The liftoff is like an elevator.
You know that feeling you get when you’re going up? Like your stomach is getting left behind? It feels like that. Remember when we were kids and we were staying at that hotel in New York because Dad was going to his business conference and we rode the elevator? We rode it up and down hundreds of times, and the lobby man glared at us, and we jumped each time it went up to try and make it fall back down a few feet? And the stairs had golden railings with flowers engraved on the ends. Remember that, Emma? That’s what this feels like right now. Everything is so loud around me that it sounds like silence. I can’t tell which direction the noise is coming from – it’s like I’m engulfed in it, and it’s swallowing me up. Here I go. I can hear Ground Control on the radio – he’s yelling to me.
“Commander Foster,” he’s saying. “Commander Foster, everything is going just as planned. You should be past the ozone layer in approximately nine minutes, Commander Foster.”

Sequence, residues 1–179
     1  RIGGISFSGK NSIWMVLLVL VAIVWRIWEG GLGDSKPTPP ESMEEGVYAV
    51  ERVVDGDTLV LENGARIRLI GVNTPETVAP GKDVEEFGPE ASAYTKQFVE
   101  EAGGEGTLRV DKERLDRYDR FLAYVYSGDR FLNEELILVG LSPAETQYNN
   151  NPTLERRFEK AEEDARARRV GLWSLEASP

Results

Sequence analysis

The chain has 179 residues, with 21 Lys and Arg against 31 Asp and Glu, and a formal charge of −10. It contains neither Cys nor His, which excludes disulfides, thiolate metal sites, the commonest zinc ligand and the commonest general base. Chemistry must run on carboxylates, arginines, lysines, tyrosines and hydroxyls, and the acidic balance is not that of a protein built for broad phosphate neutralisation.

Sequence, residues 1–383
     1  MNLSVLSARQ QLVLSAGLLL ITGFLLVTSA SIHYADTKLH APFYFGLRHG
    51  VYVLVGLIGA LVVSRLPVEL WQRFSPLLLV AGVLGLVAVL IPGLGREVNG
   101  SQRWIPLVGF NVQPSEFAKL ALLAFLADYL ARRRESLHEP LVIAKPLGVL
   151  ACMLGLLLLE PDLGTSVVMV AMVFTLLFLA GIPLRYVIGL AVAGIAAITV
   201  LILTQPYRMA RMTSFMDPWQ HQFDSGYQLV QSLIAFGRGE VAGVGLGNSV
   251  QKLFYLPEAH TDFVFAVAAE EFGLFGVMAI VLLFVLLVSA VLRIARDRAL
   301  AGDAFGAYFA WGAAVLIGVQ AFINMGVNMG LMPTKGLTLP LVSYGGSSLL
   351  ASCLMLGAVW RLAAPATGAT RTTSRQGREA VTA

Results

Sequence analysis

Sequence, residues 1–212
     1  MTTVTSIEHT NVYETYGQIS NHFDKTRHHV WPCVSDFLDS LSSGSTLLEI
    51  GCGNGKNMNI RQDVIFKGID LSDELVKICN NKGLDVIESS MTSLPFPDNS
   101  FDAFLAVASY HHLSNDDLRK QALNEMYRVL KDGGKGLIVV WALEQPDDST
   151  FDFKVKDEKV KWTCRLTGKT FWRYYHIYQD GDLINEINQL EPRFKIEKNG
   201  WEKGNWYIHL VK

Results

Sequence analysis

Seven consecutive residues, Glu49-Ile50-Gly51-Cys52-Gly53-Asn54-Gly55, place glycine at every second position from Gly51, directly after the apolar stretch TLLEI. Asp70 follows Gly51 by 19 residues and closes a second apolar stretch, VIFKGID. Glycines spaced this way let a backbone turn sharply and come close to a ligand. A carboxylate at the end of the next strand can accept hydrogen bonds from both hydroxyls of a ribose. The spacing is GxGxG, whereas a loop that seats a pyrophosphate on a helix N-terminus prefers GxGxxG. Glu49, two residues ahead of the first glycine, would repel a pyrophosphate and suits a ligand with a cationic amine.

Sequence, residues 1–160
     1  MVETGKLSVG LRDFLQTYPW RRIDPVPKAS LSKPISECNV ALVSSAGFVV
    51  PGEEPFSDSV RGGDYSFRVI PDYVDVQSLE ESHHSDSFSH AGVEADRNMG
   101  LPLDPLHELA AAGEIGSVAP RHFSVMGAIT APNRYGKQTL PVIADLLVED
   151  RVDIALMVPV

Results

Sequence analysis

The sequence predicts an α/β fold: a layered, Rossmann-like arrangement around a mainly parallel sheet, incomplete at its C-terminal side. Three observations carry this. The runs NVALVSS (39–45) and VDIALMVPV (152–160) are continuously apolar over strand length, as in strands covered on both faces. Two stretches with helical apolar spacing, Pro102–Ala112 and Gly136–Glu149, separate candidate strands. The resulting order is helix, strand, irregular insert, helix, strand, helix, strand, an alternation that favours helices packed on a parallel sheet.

I’ll answer him in a minute, but right now I can’t say anything at all. I’ve always wanted this. You know that. You remember the plastic spaceman helmet that Aunt Tabitha got me for my sixth birthday – you remember how I wore it everywhere for a good two years, Emma. The blue sky is melting into a foggy white, and I’m listening to the shrieking of the world outside my shuttle. They told me it would happen – a slipstream, they called it. But I think that it’s actually the air trying to pull me back into reality, away from this crazy dream. There is a bang now, and a soft light fills the angular shadows of my face. Everything is silent as I reach for my radio, and I can hear the subtle click through my helmet as I press the button.
“Commander Foster to Ground Control,” I say.